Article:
Police boss admits he could have handled structures issue betterTop News | Sophie Hui 6 May 2020
Police Commissioner Chris Tang Ping-keung says before moving into his former Kowloon Tong penthouse he had looked up whether the building had illegal structures, though he admits he could have handled the matter in a better way.
Responding to questions at the Legislative Council's security panel meeting yesterday, Tang denied he deliberately lived in the home with unauthorized building works and said he will not evade responsibility if there was any unlawful act.
"When I rented the unit in 2016, I asked the property agent if there were any illegal building works and of course the agent said no," Tang said.
"I also looked into land registry records and I didn't find any records stating that it had unauthorized building works."
He said the Buildings Department sent him a letter in 2017, notifying him of unauthorized building works on the roof.
"I then immediately contacted the property agent and requested the owner to follow up as soon as possible," Tang said.
"But I realized no substantive actions had been done, and I signed the rental agreement of a new unit in May 2019."
But Tang admitted he could have handled the matter in a better way - such as asking a professional to check the unit or moving out sooner - since he holds a sensitive position.
Civic Party lawmaker Jeremy Tam Man-ho questioned Tang on the allegations of three high-ranking police officers - including assistant police commissioner Rupert Dover, chief superintendent David Jordan and superintendent Vasco Williams - who allegedly breached land use regulations and had illegal structures at their homes.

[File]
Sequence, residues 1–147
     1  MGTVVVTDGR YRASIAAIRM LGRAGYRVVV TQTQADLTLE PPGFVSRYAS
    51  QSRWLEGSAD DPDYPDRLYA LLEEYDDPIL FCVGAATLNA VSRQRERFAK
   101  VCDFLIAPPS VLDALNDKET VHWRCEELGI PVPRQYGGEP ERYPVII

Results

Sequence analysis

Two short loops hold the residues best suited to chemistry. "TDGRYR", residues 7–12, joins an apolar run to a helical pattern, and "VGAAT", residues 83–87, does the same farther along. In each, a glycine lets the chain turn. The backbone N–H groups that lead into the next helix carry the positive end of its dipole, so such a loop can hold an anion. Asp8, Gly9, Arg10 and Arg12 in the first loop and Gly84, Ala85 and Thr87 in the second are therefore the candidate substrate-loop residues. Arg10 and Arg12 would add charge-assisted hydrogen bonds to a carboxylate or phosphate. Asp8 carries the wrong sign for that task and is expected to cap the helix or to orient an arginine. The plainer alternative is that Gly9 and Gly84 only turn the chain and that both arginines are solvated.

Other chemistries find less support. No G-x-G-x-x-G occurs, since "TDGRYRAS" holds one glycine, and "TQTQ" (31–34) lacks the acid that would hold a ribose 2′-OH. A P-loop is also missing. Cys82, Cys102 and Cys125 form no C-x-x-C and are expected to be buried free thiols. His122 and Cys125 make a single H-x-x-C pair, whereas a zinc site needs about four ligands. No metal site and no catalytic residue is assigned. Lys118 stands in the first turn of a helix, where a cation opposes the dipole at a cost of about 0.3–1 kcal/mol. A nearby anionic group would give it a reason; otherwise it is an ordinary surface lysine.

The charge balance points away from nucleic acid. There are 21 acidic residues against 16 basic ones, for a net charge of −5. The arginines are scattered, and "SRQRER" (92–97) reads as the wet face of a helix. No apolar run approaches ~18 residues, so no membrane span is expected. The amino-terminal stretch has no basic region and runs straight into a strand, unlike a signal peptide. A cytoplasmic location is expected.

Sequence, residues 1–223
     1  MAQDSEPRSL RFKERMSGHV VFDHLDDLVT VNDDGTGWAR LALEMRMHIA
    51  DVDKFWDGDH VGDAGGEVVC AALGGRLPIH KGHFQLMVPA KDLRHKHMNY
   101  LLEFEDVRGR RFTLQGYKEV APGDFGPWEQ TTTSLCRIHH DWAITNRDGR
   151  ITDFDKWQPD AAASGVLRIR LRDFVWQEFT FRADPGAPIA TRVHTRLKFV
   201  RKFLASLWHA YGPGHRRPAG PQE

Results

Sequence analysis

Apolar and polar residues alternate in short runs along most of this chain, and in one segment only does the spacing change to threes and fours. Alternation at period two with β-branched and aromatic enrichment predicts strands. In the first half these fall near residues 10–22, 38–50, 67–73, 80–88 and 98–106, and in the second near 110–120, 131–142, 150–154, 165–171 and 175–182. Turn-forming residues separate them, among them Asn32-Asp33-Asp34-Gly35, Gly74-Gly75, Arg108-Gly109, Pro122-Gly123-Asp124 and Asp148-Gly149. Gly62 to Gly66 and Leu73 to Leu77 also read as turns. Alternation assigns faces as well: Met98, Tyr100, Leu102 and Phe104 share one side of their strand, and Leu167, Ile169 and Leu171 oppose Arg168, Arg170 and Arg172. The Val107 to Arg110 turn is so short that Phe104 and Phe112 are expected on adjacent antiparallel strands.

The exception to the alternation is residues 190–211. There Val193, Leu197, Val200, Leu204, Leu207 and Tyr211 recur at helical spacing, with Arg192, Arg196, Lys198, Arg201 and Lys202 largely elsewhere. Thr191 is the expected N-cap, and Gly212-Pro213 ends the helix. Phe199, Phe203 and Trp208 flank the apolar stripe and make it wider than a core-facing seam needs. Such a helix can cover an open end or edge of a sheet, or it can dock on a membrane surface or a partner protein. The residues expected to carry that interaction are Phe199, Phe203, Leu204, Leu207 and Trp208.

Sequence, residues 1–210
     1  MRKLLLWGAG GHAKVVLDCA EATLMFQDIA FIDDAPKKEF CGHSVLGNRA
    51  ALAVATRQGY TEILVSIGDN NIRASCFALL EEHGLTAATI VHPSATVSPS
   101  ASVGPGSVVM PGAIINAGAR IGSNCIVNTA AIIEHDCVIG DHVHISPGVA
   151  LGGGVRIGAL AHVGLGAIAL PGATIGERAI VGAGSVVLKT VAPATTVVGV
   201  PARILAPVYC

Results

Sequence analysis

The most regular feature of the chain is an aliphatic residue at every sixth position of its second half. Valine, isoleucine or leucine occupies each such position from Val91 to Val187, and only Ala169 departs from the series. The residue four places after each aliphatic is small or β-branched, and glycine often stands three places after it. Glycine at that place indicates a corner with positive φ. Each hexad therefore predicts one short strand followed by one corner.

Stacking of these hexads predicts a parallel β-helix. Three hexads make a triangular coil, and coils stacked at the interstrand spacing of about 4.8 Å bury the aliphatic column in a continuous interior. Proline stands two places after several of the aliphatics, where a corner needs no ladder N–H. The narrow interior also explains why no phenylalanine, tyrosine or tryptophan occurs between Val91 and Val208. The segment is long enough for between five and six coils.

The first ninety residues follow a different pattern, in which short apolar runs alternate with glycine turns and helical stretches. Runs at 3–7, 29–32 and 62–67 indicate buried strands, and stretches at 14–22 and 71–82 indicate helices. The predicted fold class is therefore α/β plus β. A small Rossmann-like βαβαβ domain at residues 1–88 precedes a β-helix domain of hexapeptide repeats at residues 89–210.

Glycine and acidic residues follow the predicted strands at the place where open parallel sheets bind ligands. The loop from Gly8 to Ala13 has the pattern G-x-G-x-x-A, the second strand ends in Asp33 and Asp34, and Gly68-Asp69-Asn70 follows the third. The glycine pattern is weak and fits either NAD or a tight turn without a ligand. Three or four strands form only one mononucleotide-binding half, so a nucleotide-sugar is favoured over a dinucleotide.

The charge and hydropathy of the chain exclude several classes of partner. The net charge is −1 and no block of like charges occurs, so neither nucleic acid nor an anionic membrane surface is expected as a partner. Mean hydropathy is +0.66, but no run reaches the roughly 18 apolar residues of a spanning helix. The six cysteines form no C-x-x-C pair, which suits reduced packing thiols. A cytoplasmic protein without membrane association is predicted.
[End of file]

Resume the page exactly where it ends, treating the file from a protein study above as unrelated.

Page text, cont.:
Tang said the Lands Department is looking into the matter and the force is also conducting its own internal investigation to see if there are any violations of internal guidelines and civil service code.
On the other hand, Democratic Alliance for the Betterment and Progress of Hong Kong lawmaker Elizabeth Quat grilled HK First lawmaker Claudia Mo Man-ching for turning her garage into a room as a part of her home on Repulse Bay Road.
Tang also told lawmakers that up until April 15, police had arrested 8,001 people during the anti-fugitive protests, in which 3,286 were students. A total of 1,365 have been prosecuted and 556 were charged with rioting.
Tang said some people have been encouraging youngsters to break the law for political gain, to which Democratic Party lawmaker Lam Cheuk-ting argued was "nonsense" and unfounded.
However, Tang disagreed and said some people have connived with others to foment violence, and there was "living evidence" from a few lawmakers' comments in the meeting.
Tang also said police had arrested a media tycoon and acts targeting police have become worse. He believes such behavior was aimed to scare and prevent police from enforcing the law and all Hongkongers would suffer.